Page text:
Cleaner JavaScript with Destructuring

First of all, I’m a little upset it has taken me this long to realize that destructuring is so awesome! I find myself using it more and more for basic tasks on arrays and objects like unpacking, unnecessarily verbose tasks like assigning defaults, or giving data semantic meaning by assigning new variable names. There are the obvious ways to go about each of these, but I’ve really fallen in love with how much destructuring syntax allows me to express while keeping my code clean. It can turn some pretty hairy operations into one liners.

Before using destructuring syntax in production, be sure to check compatibility and install the appropriate tooling if necessary.

Basic array unpacking

For the array

const foo = ['zero', 'one', 'two', 'three'];

we can implement variable assignment using destructuring.

const [a, b, c, d] = foo;

// is equivalent to
const a = foo[0];
const b = foo[1];
const c = foo[2];
const d = foo[3];

// in both cases
a; // 'zero'
b; // 'one'
c; // 'two'
d; // 'three

We can also ignore values by leaving its index empty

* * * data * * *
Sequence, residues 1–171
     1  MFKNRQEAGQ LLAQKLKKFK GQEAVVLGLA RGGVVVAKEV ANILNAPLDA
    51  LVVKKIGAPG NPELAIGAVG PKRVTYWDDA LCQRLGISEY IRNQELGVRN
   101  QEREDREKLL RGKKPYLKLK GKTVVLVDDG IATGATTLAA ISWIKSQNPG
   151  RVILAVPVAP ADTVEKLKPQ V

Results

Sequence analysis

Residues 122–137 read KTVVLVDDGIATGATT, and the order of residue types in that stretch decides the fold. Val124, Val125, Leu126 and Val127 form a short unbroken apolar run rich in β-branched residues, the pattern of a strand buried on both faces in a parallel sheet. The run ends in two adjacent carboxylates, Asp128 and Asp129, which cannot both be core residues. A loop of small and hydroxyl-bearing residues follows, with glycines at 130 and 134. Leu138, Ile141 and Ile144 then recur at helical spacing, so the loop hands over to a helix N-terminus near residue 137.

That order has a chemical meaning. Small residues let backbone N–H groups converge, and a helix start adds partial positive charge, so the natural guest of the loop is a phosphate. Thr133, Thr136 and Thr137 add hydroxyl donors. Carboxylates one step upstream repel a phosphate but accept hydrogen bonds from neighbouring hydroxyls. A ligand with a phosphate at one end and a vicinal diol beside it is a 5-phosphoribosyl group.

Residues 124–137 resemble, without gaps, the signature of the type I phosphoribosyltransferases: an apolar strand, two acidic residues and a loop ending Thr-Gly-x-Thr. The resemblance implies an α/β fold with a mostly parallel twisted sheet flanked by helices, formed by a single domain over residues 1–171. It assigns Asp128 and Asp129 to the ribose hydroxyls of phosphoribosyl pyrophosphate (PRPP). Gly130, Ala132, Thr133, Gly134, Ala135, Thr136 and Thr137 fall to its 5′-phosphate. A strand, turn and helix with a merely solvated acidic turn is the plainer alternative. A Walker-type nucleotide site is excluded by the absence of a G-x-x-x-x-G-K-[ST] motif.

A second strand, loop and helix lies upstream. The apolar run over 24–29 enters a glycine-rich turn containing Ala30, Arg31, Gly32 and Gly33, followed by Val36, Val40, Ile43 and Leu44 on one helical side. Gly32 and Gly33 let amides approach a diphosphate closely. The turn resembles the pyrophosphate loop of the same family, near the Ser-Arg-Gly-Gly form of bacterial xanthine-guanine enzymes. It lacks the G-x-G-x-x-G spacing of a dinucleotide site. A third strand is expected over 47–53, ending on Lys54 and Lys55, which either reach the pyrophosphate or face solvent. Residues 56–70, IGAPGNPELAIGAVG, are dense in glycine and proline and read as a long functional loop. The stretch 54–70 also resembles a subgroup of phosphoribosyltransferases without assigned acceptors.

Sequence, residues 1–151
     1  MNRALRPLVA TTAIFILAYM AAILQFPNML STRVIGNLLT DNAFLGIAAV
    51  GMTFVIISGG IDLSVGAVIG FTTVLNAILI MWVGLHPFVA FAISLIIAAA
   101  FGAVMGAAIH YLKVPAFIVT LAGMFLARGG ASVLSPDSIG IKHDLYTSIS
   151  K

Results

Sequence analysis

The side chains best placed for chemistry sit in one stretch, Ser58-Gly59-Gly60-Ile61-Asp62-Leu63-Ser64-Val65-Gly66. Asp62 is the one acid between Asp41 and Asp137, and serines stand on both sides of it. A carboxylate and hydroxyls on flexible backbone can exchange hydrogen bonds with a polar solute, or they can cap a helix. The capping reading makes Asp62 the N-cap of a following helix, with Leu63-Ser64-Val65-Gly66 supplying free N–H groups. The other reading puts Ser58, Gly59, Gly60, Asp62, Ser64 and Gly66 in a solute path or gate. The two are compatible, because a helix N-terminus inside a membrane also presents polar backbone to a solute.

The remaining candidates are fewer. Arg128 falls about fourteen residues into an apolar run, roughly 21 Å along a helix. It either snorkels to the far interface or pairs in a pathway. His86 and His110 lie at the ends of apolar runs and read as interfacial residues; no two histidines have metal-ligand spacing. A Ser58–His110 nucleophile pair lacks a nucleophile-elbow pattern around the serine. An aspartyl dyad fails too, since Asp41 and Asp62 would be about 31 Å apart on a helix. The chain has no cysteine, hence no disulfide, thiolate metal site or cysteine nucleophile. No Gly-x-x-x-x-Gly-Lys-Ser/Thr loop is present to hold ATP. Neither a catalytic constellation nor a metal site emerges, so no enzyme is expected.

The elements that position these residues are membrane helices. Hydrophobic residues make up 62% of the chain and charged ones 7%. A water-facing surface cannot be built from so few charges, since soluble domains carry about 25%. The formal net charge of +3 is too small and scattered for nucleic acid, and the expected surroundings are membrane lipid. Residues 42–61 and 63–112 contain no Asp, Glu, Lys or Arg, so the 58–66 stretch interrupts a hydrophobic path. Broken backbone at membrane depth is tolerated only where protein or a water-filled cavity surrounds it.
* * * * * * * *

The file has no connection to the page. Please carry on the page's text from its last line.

const [a, , , b] = foo;

// is equivalent to
const a = foo[0];
const b = foo[3];

// in both cases
a; // 'zero'
b; // 'three'

or assign the remaining values to a variable using spread syntax.

const [a, ...b] = foo;

// is equivalent to
const a = foo[0];
const b = foo.slice(1);

// in both cases
a; // 'zero'
b; // ['one', 'two', 'three']

Basic object unpacking

For the object

const bar = {
  id: 11,
  hidden: false,

we can implement variable assignment using destructuring.

const { id, hidden } = bar;

// is equivalent to
const id =;
const hidden = bar.hidden;

// in both cases
id; // 11
hidden; // false

We can also rename object properties to new variables.

For the object

const user = {
  id: 8164,
  name: 'Tom',
  active: true,

rename the object properties to

const { id: userId, name: userName, active: userIsActive } = user;

userId; // 8164
userName; // 'Tom'
userIsActive; // true